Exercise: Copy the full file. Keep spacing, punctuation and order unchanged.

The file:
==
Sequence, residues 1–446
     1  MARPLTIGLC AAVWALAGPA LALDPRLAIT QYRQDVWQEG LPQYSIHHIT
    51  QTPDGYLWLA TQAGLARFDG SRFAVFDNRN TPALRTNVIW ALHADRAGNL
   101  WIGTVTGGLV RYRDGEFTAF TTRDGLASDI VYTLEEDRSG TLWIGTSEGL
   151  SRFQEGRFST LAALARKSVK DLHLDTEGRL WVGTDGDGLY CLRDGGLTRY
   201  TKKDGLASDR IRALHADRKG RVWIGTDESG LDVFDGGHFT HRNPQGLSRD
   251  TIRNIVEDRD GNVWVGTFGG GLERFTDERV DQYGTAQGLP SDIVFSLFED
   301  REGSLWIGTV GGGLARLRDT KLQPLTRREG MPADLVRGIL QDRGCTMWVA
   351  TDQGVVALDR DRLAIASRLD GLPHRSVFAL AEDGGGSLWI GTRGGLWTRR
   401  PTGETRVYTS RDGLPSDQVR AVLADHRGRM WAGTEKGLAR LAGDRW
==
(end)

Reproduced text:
Sequence, residues 1–446
     1  MARPLTIGLC AAVWALAGPA LALDPRLAIT QYRQDVWQEG LPQYSIHHIT
    51  QTPDGYLWLA TQAGLARFDG SRFAVFDNRN TPALRTNVIW ALHADRAGNL
   101  WIGTVTGGLV RYRDGEFTAF TTRDGLASDI VYTLEEDRSG TLWIGTSEGL
   151  SRFQEGRFST LAALARKSVK DLHLDTEGRL WVGTDGDGLY CLRDGGLTRY
   201  TKKDGLASDR IRALHADRKG RVWIGTDESG LDVFDGGHFT HRNPQGLSRD
   251  TIRNIVEDRD GNVWVGTFGG GLERFTDERV DQYGTAQGLP SDIVFSLFED
   301  REGSLWIGTV GGGLARLRDT KLQPLTRREG MPADLVRGIL QDRGCTMWVA
   351  TDQGVVALDR DRLAIASRLD GLPHRSVFAL AEDGGGSLWI GTRGGLWTRR
   401  PTGETRVYTS RDGLPSDQVR AVLADHRGRM WAGTEKGLAR LAGDRW